Yes, this country was founded on the principle that our rights come from God — and that governments exist not to grant them, but to protect them. The Declaration also said: “That to secure these rights, Governments are instituted among Men, deriving their just powers from the consent of the governed.”

The men who drafted our Constitution worked very hard to craft a document that would limit what a central government was allowed to do. They wanted to “bind it down” with the chains of a constitution.

But even that wasn’t enough to satisfy the leaders of our new Republic, who were very aware of the lessons of history. They knew that governments, always and everywhere, tried to expand in reach and power. Even before the new Constitution was submitted to the 13 States for ratification, they added a list of Amendments, to make even more specific what the new government was not allowed to do.

The first eight Amendments in what became known as the Bill of Rights enumerate a whole list of things that the new central government cannot do. The 1st Amendment begins: “Congress shall make no law…”

And just to make sure that the people’s rights shall not be infringed, the framers added the 9th and 10th Amendments, basically saying that if they overlooked anything, government can’t do that either. They made it as clear as they could in the 10th Amendment: “The powers not delegated to the United States by the Constitution, nor prohibited by it to the States, are reserved to the States respectively, or to the people.”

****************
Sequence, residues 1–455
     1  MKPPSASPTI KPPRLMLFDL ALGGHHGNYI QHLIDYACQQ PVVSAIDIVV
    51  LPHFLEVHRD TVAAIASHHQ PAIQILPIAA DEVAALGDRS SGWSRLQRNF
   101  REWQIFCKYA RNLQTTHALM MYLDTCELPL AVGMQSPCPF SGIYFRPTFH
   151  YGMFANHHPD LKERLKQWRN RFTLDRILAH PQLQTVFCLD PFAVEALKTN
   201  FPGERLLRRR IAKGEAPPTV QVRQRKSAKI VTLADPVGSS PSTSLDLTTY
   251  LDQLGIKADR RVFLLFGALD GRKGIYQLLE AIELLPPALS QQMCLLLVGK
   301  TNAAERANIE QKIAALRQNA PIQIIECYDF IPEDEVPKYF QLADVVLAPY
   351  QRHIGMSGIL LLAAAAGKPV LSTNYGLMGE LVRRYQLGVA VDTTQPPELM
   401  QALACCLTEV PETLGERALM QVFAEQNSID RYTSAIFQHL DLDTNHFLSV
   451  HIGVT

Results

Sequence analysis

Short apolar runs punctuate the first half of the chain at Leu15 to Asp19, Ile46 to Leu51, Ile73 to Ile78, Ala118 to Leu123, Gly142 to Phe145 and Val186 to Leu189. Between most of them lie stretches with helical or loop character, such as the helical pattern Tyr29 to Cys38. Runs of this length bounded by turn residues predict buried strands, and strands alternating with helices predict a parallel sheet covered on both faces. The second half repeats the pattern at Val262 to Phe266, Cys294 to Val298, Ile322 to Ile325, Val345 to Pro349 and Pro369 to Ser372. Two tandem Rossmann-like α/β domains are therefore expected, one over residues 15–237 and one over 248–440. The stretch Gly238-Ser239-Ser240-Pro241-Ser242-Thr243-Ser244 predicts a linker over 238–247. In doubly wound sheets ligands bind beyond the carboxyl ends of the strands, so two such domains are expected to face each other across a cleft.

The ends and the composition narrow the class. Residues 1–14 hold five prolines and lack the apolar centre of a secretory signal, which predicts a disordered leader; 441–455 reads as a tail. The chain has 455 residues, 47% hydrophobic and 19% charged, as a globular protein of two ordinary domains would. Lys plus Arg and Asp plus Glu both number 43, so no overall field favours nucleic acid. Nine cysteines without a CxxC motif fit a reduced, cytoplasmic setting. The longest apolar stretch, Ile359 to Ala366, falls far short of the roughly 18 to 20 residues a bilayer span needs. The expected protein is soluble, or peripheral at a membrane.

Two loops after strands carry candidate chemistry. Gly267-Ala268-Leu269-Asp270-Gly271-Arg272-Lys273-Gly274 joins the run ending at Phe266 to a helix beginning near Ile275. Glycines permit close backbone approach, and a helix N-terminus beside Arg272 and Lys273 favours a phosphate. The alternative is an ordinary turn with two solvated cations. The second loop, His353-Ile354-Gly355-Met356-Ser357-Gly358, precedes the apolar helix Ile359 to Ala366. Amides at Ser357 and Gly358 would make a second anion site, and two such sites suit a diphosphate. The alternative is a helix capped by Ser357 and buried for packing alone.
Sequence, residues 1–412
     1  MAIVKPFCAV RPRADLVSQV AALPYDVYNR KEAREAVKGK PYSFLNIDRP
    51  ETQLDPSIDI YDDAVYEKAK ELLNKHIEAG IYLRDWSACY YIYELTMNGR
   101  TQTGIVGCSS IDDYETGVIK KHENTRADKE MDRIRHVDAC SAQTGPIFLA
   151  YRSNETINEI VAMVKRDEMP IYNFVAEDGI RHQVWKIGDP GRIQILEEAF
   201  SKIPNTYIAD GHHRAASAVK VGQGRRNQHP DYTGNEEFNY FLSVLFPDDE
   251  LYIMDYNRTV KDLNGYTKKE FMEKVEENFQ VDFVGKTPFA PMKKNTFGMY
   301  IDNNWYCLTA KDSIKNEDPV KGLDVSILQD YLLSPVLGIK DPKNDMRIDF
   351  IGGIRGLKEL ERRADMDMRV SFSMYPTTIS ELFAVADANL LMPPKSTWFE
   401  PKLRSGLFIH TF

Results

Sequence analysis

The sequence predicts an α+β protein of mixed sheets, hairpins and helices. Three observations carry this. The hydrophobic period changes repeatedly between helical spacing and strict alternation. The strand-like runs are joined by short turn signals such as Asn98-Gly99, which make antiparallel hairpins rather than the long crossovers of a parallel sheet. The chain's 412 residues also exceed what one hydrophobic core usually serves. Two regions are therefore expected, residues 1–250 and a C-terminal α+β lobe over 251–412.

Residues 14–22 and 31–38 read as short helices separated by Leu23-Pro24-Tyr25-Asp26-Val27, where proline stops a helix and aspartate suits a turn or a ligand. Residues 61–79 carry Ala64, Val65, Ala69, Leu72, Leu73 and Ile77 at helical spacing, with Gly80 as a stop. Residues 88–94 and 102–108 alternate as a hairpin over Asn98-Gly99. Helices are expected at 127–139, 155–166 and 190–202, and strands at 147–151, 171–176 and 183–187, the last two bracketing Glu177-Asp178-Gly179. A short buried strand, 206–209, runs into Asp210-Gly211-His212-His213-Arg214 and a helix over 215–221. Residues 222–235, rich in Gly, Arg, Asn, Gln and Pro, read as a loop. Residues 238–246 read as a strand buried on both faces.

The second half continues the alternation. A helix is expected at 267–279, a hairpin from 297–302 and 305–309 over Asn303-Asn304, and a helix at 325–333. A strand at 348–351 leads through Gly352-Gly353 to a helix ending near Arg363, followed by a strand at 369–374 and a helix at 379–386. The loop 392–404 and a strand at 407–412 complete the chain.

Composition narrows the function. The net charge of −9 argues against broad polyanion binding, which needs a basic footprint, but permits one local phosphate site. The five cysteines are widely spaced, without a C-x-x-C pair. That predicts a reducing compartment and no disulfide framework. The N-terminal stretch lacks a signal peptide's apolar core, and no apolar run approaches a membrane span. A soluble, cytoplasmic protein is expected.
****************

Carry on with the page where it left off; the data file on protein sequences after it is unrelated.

While government in this country was limited, the ability of our people to prosper was not. America became the freest, the wealthiest and the most powerful nation on Earth. It made us the hope (and the envy) of the world.

That is why the United States is exceptional — or maybe I should say why this country was exceptional. Because there is no question that our central government has become a bloated monstrosity, bearing almost no resemblance to the very limited government our Founding Fathers envisioned.

One of the charges against King George in the Declaration of Independence was: “He has erected a multitude of New Offices, and sent hither swarms of Officers to harass our people, and eat out their substance.”

Let’s face it: Those colonists had it easy, compared to all the ways that our present government “eats out” our substance.

I wouldn’t be the first to suggest that it’s time for a new American revolution.

Until next time, keep some powder dry.

–Chip Wood

P.S. There was one more comment in Putin’s opinion piece that merits a rebuttal. He said, “No one wants the United Nations to suffer the fate of the League of Nations.”

Wrong again, Mr. President. There are many of us who believe one of the greatest things we could do for freedom, peace and prosperity in the world is to get the U.S. out of the U.N. and the U.N. out of the U.S. And our numbers are growing every day.

Chip Wood

is the geopolitical editor of PersonalLiberty.com. He is the founder of Soundview Publications, in Atlanta, where he was also the host of an award-winning radio talk show for many years. He was the publisher of several bestselling books, including Crisis Investing by Doug Casey, None Dare Call It Conspiracy by Gary Allen and Larry Abraham and The War on Gold by Anthony Sutton. Chip is well known on the investment conference circuit where he has served as Master of Ceremonies for FreedomFest, The New Orleans Investment Conference, Sovereign Society, and The Atlanta Investment Conference.